Appears in
The Fundamental Techniques of Classic Cuisine

By French Culinary Institute

Published 2021

  • About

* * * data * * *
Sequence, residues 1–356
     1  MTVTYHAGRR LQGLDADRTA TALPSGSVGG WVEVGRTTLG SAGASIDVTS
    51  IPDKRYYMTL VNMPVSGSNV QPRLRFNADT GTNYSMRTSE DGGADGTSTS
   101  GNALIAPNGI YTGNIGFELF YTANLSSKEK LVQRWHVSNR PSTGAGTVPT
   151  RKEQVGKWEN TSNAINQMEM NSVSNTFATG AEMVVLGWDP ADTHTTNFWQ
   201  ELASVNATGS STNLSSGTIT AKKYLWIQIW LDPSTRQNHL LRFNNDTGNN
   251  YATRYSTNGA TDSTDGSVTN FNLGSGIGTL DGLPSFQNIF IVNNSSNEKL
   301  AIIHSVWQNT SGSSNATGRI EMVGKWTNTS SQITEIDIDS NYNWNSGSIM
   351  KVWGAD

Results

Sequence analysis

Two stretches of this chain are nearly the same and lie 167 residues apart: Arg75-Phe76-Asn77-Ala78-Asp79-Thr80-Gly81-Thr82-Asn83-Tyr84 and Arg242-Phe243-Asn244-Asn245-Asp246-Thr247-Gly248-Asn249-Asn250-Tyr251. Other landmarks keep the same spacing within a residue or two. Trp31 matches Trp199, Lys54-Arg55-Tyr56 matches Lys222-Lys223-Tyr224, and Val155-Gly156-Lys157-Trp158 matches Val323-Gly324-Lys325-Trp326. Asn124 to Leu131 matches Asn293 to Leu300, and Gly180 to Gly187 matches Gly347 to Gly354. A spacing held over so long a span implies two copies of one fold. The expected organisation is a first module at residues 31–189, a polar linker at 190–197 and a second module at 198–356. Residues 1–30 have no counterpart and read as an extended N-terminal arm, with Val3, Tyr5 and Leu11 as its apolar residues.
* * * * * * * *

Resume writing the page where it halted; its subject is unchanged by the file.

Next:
The pocket of air found at the larger end of the egg. It is easily observed at the flattened end of a peeled, hard-boiled egg. When laid, the egg is quite warm. As it cools, the contents contract and the air cell is formed as the inner shell membrane separates from the outer membrane. The air cell increases in size as the egg ages and air enters, replacing the original moisture and carbon dioxide that has leaked through the pores of the shell as time passes. The size of the air cell is one means used for determining the grade of an egg.